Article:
Review: Lola Versus

June 12, 2012, 5:43 am
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You have to give Lola Versus credit - flying in the face of 99.9% of romantic comedies - the girl doesn't make off with the obvious choice of boys at the finish line. Then again, this is an indie rom-com, starring the current queen of indie-ness, Greta Gerwig.

This I can unequivocally say, it's the least annoying work I've experienced in Gerwig's (Greenberg) suddenly surging career. In fact, she's actually quite charming in her trademarked off-center way.

Gerwig plays the title role, a just-turned 29-year-old New Yorker madly in love with her non-starving artist of a boyfriend, Luke (Joel Kinnaman, a poor man's Channing Tatum).

After getting a rock from her man, Lola and her goofy parents (a where-have-you-been-hiding Debra Winger and puffy-faced Bill Pullman) get down to planning the thing down to the most mundane detail.

Luke gets cold feet and dumps his damsel, sending Lola into a tailspin of drunken debauchery; jumping into the beds of well-hung yoga instructors and her ex's best bud, a Larry of Three's Company lookalike, Henry (Hamish Linklater).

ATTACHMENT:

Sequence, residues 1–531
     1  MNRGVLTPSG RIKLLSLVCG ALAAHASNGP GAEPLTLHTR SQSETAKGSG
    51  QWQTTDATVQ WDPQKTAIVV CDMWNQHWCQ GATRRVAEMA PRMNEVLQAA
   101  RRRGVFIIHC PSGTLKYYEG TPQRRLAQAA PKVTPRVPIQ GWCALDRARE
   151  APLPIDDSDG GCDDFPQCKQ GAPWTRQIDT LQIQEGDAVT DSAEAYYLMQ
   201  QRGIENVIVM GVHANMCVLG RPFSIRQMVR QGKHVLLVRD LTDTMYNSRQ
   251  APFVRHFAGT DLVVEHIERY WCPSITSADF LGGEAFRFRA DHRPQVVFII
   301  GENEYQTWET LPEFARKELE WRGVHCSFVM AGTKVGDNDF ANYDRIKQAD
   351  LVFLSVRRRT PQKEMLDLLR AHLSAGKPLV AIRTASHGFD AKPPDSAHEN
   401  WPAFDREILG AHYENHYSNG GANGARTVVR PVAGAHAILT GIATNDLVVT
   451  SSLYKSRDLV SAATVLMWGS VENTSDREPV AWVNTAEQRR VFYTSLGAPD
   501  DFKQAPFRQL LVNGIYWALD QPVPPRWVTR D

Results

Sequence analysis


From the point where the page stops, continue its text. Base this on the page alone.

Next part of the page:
The obligatory "Are we a couple or simply friends with benefits?" complication follows as Lola pushes Henry right into the arms of her BFF Alice (a Kathy Griffin/Elaine of Seinfeld-ish Zoe Lister-Jones). Alice's character manages to tip the scales from super annoying to surprisingly humorous in the process.

The film provides plenty of trite material (e.g. attempts to make the use of Neil Sedaka's name jocular) but Lola Versus is more enjoyable than it ought to be. Gerwig turns up the wattage on her customary comatose line delivery and sells the struggle of a closing-in-on-her-expiration-date female trying to find her way in the hipster world she inhabits.

With its unexpected level of likeability, Lola Versus is a huge step in the right direction for Gerwig's growing stardom. She's fast becoming a left field Meg Ryan - minus the trout pout.

Grade: B-

It was many moons ago in a darkened theater that my love of cinema took root as I snuck in to see my first R-rated film, Blade Runner. The futuristic vision that Ridley Scott unleashed on the screen was simply soul-expanding — spiritual even. From that moment, my mission to have that kind of magic strike again began in earnest. My hope is to be able to shine a light on films that may just have that kind of effect on you — films that may be lesser known, but not lesser in impact. 
- Erick Weber

Final Cut Scoring System
99-95% Opening night
94-90% Opening weekend
89-86% In theaters
85-83% On Demand
82-80% Netflix/Redbox
79-75% If desperate
74-70% If dozing off
69-65% If intoxicated
64-60% If comatose
Below 60% If brain dead

Erick's reviews
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